We all started with zero time in our logbooks, our eyes on the skies, and our hearts in our throats. But, how does a pilot wannabe go from student pilot to suave airline pilot? Every pilot has their own unique flight track, but there are a lot more options now that there were just a few years ago. From flight simulators to online aviation courses, there are now many ways to reduce costs while still gaining valuable experience. Now that I’ve been there, I can look back and use my experience to help others find their way. I now hold an ATP, CFI, CFII, AGI, and IGI with over 9000 hours total time in about everything from Cessnas to Boeings. Everything, that is, but seaplanes and tail draggers. They’re on my bucket list.
I learned to fly in the Marine Corps. At the time, all Navy/Marine Corps pilots learned to fly the T-34B (lovingly nicknamed the “Teenie-Weenie”). When we first strapped it on, we knew nothing of actual flying but had spent the previous months learning the basics in the classroom. Since I was a “flakey liberal arts” major in college, I struggled and floundered and ended up spending many nights well into the next morning struggling through the textbooks, and barely squeaking through the exams. However, when I got to the airplane itself, I had a certain foundation of knowledge, so I wasn’t suddenly being kicked into the deep end. For my flight school (NAS Pensacola), there was a special motivation to get our wings: We were told that there was a platoon halfway up a hill in Vietnam, and if we washed out, we would get to lead them up the rest of the way.
The point of my reminiscing is that at each stage of my initial training, there was individual motivation and a period of concentrated academic study. Most civilian flight students don’t have the time for six days a week, eight-hour day classes. The difference between then and now is that through the internet, pilots have access to numerous schools and programs to get the important initial book training. Samples tests are everywhere, even the FAA. There are also detailed DVDs, online classes, and books with guaranteed programs to get you prepared to take and pass the written in a few days…but, this is where a problem lies. You want to pass the test, of course, but you also want to carry the knowledge with you into the airplane. The study material isn’t difficult, the problem is that there is just so much information. Some approaches just have the student simply memorize the material but they won’t get much in the way of useful retention that way. It’s important that you are using your situational awareness and actually taking in the understanding of your ground school, rather than just memorizing for a test. The military and the airlines instruct that way and they turn out a pretty good product.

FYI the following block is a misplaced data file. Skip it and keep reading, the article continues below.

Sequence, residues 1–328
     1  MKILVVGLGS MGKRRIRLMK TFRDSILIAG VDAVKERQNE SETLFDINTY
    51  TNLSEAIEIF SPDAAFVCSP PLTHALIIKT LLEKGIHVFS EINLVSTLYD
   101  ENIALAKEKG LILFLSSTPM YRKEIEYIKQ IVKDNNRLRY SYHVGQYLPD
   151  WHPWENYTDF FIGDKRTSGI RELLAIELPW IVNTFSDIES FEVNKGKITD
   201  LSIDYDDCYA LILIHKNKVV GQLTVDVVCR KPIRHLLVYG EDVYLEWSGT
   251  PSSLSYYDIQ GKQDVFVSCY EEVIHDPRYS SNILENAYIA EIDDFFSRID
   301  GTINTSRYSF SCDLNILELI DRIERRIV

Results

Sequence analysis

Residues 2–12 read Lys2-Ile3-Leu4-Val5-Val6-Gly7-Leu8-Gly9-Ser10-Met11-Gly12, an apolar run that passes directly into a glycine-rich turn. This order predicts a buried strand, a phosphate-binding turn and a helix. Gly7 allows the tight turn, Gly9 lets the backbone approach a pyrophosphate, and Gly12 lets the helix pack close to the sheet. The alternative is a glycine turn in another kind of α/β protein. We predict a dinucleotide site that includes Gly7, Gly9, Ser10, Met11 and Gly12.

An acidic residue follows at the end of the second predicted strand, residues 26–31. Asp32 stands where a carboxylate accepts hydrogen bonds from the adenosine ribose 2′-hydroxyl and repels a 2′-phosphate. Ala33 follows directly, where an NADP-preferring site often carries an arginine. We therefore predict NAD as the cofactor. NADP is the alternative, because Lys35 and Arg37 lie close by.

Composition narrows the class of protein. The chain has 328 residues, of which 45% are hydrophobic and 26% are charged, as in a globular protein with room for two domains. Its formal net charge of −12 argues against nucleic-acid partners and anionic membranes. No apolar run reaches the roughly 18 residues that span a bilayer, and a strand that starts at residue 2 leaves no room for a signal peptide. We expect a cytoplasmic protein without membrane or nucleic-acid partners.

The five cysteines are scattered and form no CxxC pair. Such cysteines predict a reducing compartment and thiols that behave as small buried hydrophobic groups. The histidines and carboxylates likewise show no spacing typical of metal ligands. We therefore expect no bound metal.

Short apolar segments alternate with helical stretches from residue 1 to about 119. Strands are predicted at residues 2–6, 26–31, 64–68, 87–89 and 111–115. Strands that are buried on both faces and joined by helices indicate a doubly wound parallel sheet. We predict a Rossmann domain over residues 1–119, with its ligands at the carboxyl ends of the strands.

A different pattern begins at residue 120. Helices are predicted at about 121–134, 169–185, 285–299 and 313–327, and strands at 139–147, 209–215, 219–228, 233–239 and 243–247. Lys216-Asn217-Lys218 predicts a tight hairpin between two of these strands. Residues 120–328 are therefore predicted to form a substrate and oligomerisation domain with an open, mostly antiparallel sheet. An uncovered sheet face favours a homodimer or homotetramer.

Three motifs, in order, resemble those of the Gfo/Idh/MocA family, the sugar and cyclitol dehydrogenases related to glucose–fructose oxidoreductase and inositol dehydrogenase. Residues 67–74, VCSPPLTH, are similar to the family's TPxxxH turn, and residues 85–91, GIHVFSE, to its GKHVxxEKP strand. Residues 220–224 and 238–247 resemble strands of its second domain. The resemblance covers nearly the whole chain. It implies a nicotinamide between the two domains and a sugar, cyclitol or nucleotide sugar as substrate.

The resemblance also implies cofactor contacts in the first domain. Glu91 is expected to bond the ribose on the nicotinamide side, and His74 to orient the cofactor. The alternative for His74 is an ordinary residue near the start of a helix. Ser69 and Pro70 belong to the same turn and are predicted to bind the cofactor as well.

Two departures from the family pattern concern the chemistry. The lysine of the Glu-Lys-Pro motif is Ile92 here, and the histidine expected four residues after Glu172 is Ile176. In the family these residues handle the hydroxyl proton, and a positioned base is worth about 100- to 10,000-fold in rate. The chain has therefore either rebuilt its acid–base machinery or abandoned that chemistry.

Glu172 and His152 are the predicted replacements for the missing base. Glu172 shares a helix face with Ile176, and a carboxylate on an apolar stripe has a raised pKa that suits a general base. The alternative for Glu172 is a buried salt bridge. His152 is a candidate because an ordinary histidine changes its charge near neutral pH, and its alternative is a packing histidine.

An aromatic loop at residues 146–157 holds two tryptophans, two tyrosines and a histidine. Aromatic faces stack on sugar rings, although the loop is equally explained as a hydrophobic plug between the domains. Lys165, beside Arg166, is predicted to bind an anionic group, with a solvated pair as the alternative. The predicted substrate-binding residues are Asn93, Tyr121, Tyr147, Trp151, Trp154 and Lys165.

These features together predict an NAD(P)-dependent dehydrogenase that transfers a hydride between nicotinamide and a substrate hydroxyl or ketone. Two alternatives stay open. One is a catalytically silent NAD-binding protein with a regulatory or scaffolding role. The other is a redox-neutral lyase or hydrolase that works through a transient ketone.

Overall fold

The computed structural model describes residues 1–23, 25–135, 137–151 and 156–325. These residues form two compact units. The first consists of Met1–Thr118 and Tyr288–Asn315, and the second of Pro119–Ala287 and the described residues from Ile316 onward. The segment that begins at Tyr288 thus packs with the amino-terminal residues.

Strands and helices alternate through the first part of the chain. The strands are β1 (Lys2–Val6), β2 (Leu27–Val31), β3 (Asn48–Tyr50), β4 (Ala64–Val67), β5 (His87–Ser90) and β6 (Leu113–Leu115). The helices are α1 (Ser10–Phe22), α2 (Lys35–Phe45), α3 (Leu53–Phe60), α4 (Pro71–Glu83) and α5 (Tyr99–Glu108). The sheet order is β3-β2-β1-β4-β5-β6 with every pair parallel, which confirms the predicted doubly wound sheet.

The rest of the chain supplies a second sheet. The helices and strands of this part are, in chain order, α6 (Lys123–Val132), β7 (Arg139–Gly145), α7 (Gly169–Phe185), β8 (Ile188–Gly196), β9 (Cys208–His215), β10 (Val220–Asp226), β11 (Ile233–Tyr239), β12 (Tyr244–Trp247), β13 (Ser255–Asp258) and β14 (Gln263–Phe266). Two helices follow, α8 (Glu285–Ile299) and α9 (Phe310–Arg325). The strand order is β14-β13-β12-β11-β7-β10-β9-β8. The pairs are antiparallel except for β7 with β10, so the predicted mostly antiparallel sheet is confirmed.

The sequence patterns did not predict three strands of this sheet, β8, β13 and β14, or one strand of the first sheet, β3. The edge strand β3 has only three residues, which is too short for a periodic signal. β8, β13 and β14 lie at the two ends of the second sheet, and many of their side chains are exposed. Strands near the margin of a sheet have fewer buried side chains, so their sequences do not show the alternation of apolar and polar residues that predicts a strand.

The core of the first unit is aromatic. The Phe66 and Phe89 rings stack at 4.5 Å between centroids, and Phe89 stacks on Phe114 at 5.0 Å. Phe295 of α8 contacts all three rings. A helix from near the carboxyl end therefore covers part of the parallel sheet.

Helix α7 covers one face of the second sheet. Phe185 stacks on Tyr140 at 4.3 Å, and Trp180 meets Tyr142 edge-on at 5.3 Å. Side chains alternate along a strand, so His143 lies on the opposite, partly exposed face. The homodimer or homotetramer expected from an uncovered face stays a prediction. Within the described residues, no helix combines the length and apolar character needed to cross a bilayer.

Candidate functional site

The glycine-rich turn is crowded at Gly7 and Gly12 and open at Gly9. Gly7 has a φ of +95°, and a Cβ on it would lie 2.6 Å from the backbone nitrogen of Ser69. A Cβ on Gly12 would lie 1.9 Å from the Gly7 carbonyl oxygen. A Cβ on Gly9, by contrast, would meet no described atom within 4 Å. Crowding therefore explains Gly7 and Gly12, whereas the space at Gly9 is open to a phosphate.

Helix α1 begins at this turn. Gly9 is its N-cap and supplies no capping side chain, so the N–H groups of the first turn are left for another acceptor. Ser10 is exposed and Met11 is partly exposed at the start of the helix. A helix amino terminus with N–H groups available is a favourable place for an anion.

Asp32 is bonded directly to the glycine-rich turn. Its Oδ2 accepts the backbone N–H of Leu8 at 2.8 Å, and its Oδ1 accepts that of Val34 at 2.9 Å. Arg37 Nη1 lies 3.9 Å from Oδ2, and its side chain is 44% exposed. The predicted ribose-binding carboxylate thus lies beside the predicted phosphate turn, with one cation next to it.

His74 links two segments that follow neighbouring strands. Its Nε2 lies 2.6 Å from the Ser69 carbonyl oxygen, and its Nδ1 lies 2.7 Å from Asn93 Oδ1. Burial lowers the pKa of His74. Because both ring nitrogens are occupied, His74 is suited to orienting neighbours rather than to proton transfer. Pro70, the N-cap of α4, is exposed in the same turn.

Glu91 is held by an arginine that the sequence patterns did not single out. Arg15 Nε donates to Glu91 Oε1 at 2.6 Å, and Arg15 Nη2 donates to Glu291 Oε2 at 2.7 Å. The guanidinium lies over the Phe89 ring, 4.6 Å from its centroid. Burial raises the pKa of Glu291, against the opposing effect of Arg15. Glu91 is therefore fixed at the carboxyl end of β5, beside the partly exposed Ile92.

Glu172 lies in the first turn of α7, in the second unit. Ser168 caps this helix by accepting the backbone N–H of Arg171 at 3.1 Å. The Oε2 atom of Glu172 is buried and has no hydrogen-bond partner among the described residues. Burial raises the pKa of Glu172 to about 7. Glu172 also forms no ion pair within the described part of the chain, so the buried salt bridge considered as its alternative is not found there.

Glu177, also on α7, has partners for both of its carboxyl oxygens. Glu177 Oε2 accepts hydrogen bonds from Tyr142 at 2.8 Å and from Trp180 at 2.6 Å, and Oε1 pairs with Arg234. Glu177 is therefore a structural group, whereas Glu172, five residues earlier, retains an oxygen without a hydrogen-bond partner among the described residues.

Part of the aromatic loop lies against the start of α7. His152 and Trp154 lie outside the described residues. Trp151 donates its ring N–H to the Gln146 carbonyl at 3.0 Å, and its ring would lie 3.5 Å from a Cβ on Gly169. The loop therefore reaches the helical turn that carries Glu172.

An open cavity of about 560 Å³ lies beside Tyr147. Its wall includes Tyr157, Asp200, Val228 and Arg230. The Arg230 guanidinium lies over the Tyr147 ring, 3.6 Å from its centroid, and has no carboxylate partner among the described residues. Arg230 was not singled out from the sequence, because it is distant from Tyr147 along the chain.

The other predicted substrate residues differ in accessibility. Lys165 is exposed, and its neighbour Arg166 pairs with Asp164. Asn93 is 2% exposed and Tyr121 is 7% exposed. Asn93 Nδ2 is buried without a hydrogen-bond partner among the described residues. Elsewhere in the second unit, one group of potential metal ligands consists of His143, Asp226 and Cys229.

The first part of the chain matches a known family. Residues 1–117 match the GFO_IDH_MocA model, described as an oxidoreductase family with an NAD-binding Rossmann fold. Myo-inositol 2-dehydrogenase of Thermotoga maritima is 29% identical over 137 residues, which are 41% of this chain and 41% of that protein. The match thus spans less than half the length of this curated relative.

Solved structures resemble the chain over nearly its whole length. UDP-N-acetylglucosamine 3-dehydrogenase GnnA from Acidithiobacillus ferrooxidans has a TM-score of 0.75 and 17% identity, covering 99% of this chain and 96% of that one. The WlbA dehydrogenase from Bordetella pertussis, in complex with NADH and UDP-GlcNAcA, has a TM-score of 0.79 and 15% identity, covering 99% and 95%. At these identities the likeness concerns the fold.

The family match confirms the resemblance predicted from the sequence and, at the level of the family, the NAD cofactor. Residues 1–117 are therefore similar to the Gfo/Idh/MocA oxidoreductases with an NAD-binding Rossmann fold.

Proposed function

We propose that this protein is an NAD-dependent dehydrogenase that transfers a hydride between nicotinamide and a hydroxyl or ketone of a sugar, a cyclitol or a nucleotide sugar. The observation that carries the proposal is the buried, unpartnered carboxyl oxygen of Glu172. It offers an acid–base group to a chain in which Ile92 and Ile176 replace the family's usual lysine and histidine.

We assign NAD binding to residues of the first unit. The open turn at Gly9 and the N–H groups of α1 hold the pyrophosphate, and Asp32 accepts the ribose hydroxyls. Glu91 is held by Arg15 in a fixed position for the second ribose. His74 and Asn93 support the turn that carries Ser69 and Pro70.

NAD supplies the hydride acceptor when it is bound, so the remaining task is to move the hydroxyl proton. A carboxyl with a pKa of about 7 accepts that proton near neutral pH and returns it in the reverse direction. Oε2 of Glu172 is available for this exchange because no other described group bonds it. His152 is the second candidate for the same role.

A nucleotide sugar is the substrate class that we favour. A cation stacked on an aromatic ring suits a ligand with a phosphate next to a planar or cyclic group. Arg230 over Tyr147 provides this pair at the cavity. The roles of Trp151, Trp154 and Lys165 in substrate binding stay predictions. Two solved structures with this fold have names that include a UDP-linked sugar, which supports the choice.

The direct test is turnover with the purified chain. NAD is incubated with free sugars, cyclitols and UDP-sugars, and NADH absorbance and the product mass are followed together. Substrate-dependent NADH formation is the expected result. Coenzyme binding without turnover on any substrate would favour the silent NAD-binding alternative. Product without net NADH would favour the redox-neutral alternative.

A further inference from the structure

What I’ve seen as a CFI is what I saw as a military instructor: you have to know your procedures. The more you know before you fly, even if you don’t fully understand it, the better off you will be. The only way to do that is to hit the books before you get to the airplane. Otherwise, you are spending money having the instructor try to teach you procedures in ground briefings and in the air. You may eventually learn to fly that way, but you’ll have missed a lot.
There many ways to get that basic knowledge before you fly. In my opinion, King Schools is the “granddaddy” of media aviation education with Gleim, ASA, Sporty’s and a variety of other courses tied for second. They allow you to complete courses designed to give you information at your own pace. Much of their value is that you can acquire the information in a measured way, and then approach the written tests as a separate project. That way, when you start flying, there will be one less thing to worry about. If you need more of a structured approach, many community colleges offer one-semester ground schools to prepare you for the exams. Sheppard Air, Inc has a highly regarded website which is designed as a unique approach to preparing for the exam, but as always, programs like Sheppard’s should be done after the initial study is complete.
These very competitive markets will be scrambling over the next year as the FAA changes from the Practical Test Standards (PTS) to the new Airman Certification Standards (ACS). The FAA is making these changes to make the flight test and the written test more compatible, and to bring the requirements up to date with the real world.
For my new students, I recommend that they get their book knowledge and the Private Pilot written exam out of the way, and then go fly. There is nothing wrong with taking a few introductory flights to see if you like it, but I believe that the flight training should begin after the classroom training is complete and the written passed. You’ll save yourself money because when you’re ready to fly with the instructor, you’ll be reinforcing what you know rather than seeing it for the first time.
Most importantly, check out a few online aviation courses to determine which one you prefer. You are going to be spending a lot of time with it, so make sure it’s the one for you. Now, let’s go fly!
//www.aopa.org/Pilot-Resources/Learn-to-Fly [Not a flight school per se, but an excellent resource in your quest to find one.]